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The red squirrel

David Chapman / 26 September 2011

Find out where you can still spot our native red squirrels and what's being done to help save them.

Red squirrel
Red squirrel photographed by David Chapman

The beautiful red squirrel is native to the British Isles and was once found across the length and breadth of the country but, due to the introduction of grey squirrels from America, the native reds have been completely wiped out from most of southern Britain. Conservation efforts are hoping to halt this decline and in some areas have even been successful in reversing it.

The biggest problem for the red squirrels comes from a disease known as 'squirrel pox', a disease which is fatal to red squirrels but harmless to greys. The grey squirrels carry this disease and where the two species come into contact red squirrels die out.

In southern Britain, red squirrels can now only be found at a handful of locations on islands where the greys haven’t been able to populate.  Brownsea Island, the Isles of White and Anglesey are the best known.  Further north, red squirrels are still found in Cumbria, Northumberland and Scotland. There is also an isolated pocket in the pine plantations at Formby Dunes, Merseyside.

The population on Anglesey in Wales is an interesting one, as the island was invaded by grey squirrels which made it across the Menai Straits road bridge. In 1998 there were just 40 red squirrels left on the island and the population of greys had increased to about 3000.  With the help of the Red Squirrel Survival Trust, the situation has been reversed, now there are 300 red squirrels.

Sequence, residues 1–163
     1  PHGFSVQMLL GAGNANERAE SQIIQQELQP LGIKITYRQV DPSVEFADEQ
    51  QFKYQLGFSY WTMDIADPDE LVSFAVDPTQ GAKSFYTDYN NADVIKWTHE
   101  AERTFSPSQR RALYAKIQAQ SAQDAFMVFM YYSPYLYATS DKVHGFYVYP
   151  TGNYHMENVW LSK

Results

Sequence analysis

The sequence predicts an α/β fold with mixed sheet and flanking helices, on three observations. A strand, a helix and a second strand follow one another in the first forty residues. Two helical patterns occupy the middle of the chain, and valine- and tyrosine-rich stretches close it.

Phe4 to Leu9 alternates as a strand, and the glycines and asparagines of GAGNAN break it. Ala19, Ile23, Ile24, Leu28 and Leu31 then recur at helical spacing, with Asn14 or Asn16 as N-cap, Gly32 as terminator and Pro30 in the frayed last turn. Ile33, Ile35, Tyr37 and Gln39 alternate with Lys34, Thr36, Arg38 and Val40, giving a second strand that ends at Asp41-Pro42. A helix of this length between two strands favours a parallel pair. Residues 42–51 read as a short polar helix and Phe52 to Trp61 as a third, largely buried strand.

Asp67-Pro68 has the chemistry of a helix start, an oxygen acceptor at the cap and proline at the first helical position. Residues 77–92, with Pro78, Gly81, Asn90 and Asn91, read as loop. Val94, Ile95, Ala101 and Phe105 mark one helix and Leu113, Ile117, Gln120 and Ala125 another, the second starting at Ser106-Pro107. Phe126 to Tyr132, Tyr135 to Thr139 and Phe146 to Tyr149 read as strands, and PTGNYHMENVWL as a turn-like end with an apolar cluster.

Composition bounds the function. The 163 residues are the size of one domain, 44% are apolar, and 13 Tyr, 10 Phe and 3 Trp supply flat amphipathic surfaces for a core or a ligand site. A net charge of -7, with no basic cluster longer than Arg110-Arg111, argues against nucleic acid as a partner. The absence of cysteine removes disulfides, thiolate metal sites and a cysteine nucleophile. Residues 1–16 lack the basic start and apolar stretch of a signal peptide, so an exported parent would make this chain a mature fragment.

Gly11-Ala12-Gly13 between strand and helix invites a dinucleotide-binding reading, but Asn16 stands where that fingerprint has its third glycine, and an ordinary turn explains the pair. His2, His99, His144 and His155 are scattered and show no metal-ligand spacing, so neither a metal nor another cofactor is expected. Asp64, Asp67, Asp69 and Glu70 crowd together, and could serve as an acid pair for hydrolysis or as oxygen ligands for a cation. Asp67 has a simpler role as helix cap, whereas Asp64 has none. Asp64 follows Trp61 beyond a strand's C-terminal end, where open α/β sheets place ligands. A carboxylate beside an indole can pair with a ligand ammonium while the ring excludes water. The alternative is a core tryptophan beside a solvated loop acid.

It is usually straightforward to identify a red squirrel from a grey but mistakes are sometimes made because grey squirrels can have quite brown fur. Red squirrels are relatively small and usually have ear tufts and are usually reddish-brown all over. There are always exceptions and amongst red squirrels there are sometimes very dark individuals and occasionally some have a spot of white on the tail such as the one in the photograph.

For the time being, the type of squirrel we are likely to see in our gardens is determined entirely by where in the country we live but new red squirrel reintroductions are likely to go ahead in the coming years.  For example there are plans afoot to try to reintroduce red squirrels to Cornwall, using the Lizard peninsula as a trial area.

For more about red squirrels in the UK and to find out what the Red Squirrel Survival Trust are doing to protect them, see:


The opinions expressed are those of the author and are not held by Saga unless specifically stated. The material is for general information only and does not constitute investment, tax, legal, medical or other form of advice. You should not rely on this information to make (or refrain from making) any decisions. Always obtain independent, professional advice for your own particular situation.